I think you’re lucky Susan. I know a lot of Jews who are racially and ethnically diverse who literally have to psych themselves up before going into a new shul.

    • What convert wants to be normal? 🙂

  9. Heinous! Even if she is comfortable identifying that way, it is inappropriate to identify her that way on an invitation.

    I feel the same way when I see someone identified as adopted or adoptive parents. It doesn’t define who someone is and shouldn’t be used as if it does or could.

    If she wants to open that door as the speaker because it’s germane then fine, but not on the invitation.

  10. If she is speaking specifically about conversion at this event, then I can see it as being appropriate – part of what makes her an expert on the subject is her own experience. Otherwise, I’d say it’s in bad taste, and may make it harder on converts who just want to be treated the same as anyone else (as they should be).

    • Susan, most likely the lecture will be about her journey to Judaism & many converts do like to share their story with others. I’ve heard an amazing speaker speak about his journey from being a Pastor to becoming an Orthodox rabbi among converts who have told their stories to inspire others.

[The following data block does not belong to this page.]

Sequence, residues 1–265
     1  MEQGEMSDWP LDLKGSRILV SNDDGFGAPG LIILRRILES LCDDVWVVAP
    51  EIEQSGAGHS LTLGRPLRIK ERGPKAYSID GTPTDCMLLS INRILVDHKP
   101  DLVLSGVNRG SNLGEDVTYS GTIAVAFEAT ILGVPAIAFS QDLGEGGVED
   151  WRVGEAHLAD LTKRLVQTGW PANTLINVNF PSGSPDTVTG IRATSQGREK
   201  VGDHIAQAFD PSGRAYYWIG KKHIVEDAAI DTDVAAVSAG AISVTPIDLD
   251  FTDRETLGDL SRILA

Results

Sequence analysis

11. She probably had a hand in the wording herself. When I’m speaking about my conversion and/or my life story, the materials always say that I’m an Orthodox convert.

    Even when I’m speaking about other topics, I make a point to write it down on the list of “things about me” since it will usually come up. (People, honestly, feel betrayed if you don’t tell them outright, they feel they have a right to know. More on that below.) People find converts inspiring. That’s why convert/speakers put it in the front lines. But usually, my name goes first and a whole bunch of other things about me, convert is only listed as part of my bio. But that’s because I make a LIVING talking about conversion and my own story and other related and overlapping issues.

    However, this is completely different than when I am at the Shabbos (day of rest, not working!) table and someone thinks I don’t “look Jewish” (Eastern European) though I certainly am dressed modestly, acting Jewishly and sitting next to my husband, The Rabbi and then this person or people start interrogating me, asking my maiden name, asking WHERE I AM REALLY FROM and everything possible to get me to say I’m a convert until they can no longer take it and DIRECTLY ask me (IN FRONT OF THE WHOLE TABLE) if I converted or if someone in my family converted or if one of my parents isn’t Jewish. Then G-d forbid, I appease them and ask them to move on, and they decide to further interrogate me making me and everyone at the table uncomfortable.